Category Archives: opportunistic infections

TB Hides In Bone Marrow

Michelle Fay Cortez writing in Bloomberg News reported on a study in “Science Translational Medicine.  Researchers said they have uncovered the first evidence of tuberculosis hiding in mesenchymal stem cells in the bone marrow of people treated for the disease.”

tb-bacteriaAccording to the article, “the bacteria’s hideout in the self-renewing cells, where they capitalize on protection from the body’s own immune system, may explain how the germs survive.”

This is disturbing news since these sequestered tuberculosis bacteria can be protected from drugs used to eradicate them.

This has important  implications for patients intending to go on biologic therapy for rheumatoid arthritis and other diseases.

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Anti-TNF Medications Lead To Higher Shingles Risk In RA Patients

One of the most painful and debilitating conditions is shingles.  Find out what a recent study showed…shingles

Nancy Walsh writing in MedPage Today reported, “Patients with rheumatoid arthritis (RA) undergoing treatment with agents such as Enbrel (etanercept), Remicade (infliximab) or Humira (adalimumab) appear to have a significantly increased risk for developing shingles,” according to a study published in the Annals of the Rheumatic Diseases. Researchers found that “the incidence of shingles among patients on anti-tumor necrosis factor (TNF) treatment was 1.6 per 100 patient-years, compared with an incidence of 0.8 per 100 patient-years among those receiving traditional disease-modifying anti-rheumatic drugs (DMARDs).”

Comment: What can I say?  These are worrisome findings and indicate that people with RA on biologics should be vaccinated.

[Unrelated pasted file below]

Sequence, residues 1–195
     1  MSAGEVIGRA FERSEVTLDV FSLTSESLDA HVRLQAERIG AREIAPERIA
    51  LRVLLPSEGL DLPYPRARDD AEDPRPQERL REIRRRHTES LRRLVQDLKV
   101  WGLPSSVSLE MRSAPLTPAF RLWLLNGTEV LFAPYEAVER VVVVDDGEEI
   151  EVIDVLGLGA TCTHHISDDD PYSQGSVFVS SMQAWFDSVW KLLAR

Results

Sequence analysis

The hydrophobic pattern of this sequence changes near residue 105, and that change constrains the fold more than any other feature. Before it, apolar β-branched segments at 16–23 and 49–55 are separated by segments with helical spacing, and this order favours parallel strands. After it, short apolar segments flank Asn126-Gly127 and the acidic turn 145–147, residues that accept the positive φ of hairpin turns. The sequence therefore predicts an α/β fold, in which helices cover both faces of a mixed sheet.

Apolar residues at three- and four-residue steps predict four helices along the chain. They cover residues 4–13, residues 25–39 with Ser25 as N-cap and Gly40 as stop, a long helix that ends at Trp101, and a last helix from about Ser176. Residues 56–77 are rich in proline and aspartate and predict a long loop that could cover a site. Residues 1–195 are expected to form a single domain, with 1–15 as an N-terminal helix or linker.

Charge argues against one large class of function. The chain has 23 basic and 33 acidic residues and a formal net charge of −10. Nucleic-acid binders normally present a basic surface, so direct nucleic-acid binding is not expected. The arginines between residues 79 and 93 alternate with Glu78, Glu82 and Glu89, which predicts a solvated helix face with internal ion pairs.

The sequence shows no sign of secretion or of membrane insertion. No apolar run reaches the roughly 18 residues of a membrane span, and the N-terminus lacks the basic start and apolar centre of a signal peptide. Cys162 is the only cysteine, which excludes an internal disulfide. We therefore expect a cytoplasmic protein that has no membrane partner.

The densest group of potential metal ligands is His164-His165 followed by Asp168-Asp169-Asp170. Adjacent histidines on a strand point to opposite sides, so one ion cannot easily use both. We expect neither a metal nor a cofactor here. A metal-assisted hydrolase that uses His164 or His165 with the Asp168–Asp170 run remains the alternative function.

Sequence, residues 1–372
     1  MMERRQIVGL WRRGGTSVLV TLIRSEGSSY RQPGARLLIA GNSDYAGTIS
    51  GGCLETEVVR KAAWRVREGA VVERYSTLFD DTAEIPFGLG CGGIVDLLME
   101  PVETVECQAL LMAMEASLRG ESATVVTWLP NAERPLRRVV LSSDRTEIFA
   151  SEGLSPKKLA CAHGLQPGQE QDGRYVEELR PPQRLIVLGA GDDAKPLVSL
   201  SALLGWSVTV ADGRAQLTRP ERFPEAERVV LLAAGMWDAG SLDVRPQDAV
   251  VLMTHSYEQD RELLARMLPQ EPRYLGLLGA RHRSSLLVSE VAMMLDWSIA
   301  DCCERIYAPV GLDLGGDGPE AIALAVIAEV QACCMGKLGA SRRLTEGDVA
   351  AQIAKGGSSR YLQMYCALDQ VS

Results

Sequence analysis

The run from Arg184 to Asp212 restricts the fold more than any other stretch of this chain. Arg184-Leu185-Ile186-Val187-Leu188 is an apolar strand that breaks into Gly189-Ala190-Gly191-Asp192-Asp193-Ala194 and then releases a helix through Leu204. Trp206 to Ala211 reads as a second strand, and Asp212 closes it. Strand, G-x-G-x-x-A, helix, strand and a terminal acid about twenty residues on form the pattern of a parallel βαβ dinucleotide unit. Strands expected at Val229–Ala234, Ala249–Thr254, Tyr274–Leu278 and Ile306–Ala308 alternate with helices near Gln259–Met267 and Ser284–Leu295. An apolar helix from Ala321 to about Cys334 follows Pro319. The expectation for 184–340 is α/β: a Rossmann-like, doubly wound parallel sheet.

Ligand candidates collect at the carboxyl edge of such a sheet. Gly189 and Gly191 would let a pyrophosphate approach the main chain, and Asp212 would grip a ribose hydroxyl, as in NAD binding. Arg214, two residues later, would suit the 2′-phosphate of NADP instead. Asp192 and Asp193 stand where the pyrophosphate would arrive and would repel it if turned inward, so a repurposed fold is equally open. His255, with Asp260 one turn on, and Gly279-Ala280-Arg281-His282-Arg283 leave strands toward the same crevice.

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New rheumatoid arthritis drug… the inside scoop!

The first oral biologic drug has finally hit the runway.

Here’s the “skinny” on it from the American College of Rheumatology…

Xeljanz (tofacitinib) is a first-in-class oral JAK inhibitor which has shown clinical effectoveness in patients with moderate to severe rheumatoid arthritis. xeljanz

Tofacitinib is approved for patients with an inadequate response to both biologic and non-biologic disease-modifying anti-rheumatic drugs (DMARDS) .

It should not be used in combination with other biologic agents. Current labeling for tofacitinib does not include an indication for inhibition of structural damage.

Data on safety suggests that infections, including severe “traditional” infections, as well as opportunistic infections and Herpes zoster, have occurred. Long-term safety studies and post-marketing safety data is being collected. Monitoring for blood abnormalities, liver enzyme abnormalities, lipid abnormalities and kidney damage is appropriate prior to initiation of therapy and throughout treatment.

For more information on arthritis treatments and other arthritis problems,  go to:

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